The script (which I put in my home):

#!/bin/bash -e

HEAD_COMMIT_MESSAGE=$(git log --format=%B -1 HEAD)

# For safety. Our use-case is usually to always just squash into a commit
# that's associated with an active change. We really don't want lose our head
# and accidentally squash something that wasn't intended to be squashed.
if [[ "${HEAD_COMMIT_MESSAGE}" != SQUASH* ]]; then
    echo "SQUASH: Commit to be squashed should have 'SQUASH' as its commit-message."
    exit 1
fi

_FILEPATH=$(mktemp)
git log --format=%B -1 HEAD~1 >"${_FILEPATH}"

echo "Initial head: $(git rev-parse HEAD)"

git reset --soft HEAD~2 >/dev/null

echo "Head after reset: $(git rev-parse HEAD)"

git commit -F $_FILEPATH >/dev/null
rm $_FILEPATH

echo "Head after commit: $(git rev-parse HEAD)"

echo

The alias (for completeness):

alias SQUASH_LAST='<filepath>'

It really is about the little things.

I have also put the script into a gist.

Go: Testing Against Application Binaries

Unit-testing in Go is simple and a pleasure. The minimum structure required to do unit-tests is scarcely more than that required to write any kind of code. In fact, most of the time it is so easy that you are almost, arguably, guaranteed to waste time doing any debugging at all before you have written unit-tests.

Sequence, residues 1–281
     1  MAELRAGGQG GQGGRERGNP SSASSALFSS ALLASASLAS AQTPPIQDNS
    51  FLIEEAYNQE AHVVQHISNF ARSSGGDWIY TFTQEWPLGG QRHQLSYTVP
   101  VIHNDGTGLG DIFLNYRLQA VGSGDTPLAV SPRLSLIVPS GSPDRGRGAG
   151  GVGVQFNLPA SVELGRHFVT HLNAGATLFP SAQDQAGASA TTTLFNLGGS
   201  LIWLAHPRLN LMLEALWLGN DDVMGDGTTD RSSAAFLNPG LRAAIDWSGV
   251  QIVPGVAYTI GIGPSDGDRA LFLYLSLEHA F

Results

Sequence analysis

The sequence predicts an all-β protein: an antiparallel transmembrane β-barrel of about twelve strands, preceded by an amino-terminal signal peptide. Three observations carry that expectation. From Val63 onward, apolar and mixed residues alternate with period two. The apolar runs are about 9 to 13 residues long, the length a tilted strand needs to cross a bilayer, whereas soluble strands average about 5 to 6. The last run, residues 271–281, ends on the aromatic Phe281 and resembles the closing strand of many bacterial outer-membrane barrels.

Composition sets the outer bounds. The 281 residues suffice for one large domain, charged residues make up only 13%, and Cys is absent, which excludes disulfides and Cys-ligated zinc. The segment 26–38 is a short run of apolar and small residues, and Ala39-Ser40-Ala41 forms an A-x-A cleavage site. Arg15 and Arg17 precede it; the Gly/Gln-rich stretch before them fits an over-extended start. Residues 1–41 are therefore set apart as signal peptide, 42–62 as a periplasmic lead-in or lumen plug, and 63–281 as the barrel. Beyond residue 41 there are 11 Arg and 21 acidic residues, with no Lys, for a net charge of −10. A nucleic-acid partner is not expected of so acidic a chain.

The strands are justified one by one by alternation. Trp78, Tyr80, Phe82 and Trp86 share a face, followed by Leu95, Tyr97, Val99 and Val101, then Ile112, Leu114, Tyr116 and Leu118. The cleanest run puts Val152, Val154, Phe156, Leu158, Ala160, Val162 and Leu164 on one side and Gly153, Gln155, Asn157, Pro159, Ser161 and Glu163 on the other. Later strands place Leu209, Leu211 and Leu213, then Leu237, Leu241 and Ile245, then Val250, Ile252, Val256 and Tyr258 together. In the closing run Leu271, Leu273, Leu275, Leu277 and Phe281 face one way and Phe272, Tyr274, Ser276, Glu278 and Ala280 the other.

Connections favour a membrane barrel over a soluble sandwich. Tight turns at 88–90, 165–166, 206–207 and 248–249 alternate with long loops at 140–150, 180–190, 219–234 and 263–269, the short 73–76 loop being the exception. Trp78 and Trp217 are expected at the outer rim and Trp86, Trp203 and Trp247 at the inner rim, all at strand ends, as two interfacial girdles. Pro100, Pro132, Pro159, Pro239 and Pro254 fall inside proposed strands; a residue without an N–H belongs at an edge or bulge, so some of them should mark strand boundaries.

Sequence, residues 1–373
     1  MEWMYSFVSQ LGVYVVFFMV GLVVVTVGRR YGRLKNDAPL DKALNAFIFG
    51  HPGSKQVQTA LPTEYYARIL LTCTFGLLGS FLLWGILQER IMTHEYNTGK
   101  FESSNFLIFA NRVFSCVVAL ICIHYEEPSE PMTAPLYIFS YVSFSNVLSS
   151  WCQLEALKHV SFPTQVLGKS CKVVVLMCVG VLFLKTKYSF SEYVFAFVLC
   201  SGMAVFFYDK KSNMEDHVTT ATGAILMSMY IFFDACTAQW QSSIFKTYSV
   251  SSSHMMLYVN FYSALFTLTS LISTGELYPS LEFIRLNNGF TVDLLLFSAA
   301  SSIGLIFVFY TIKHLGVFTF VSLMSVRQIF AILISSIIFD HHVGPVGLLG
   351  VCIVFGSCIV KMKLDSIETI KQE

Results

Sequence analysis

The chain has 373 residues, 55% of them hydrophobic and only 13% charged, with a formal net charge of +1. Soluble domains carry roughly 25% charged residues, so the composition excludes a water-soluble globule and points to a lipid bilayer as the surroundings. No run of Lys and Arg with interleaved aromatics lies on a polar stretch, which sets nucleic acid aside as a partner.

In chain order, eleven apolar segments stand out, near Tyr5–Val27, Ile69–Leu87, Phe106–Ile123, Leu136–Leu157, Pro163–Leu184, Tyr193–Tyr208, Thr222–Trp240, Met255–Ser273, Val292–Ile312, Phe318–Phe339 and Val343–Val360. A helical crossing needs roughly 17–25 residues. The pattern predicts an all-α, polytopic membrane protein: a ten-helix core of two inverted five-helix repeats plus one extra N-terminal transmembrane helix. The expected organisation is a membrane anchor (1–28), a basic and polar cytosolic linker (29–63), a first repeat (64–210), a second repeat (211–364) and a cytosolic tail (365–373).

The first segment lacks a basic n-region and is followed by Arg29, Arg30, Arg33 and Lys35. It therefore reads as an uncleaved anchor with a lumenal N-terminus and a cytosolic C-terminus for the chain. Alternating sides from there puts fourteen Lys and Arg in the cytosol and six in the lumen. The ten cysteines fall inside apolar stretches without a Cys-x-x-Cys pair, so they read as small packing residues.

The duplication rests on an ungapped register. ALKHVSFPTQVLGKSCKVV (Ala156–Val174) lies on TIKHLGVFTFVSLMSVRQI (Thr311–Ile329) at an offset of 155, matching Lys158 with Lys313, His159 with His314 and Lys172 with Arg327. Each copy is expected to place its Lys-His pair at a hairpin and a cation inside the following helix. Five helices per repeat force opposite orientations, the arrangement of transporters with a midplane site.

However, it may take a little more thought to test your executables. Even though you can still have a unit-testing source-file (“*_test.go”) and you can call your main() to do something, it’s non-trivial to capture your output and/or pass arguments:

  • You might end-up using os.Pipe() to hook stdout/stderr and launching a goroutine to read from the other end, but you might have issues.
  • Your test might call back into the execute in os.Args[0] (the tests run from a test-specific binary generated by the testing process), but this won’t accept the arbitrary command-line arguments required by your application.
  • You might wrap a call to “go test” and try to pass “-args ” (“-args” is like “–” for tests, where all following arguments are passed verbatim), but I have had issues with this.

Naturally, you want to avoid having to kick-off a build of your application at the top of the tests in order to have something to test against.

You can use “go run” with exec.Command (in os/exec) to easily accomplish all of this while still avoiding a manual build. You can even provide it alternative io.Writer instances in order to capture stdout/stderr output.

Example:

package main

import (
    "testing"
    "os"
    "path"
    "bytes"
    "fmt"

    "os/exec"
)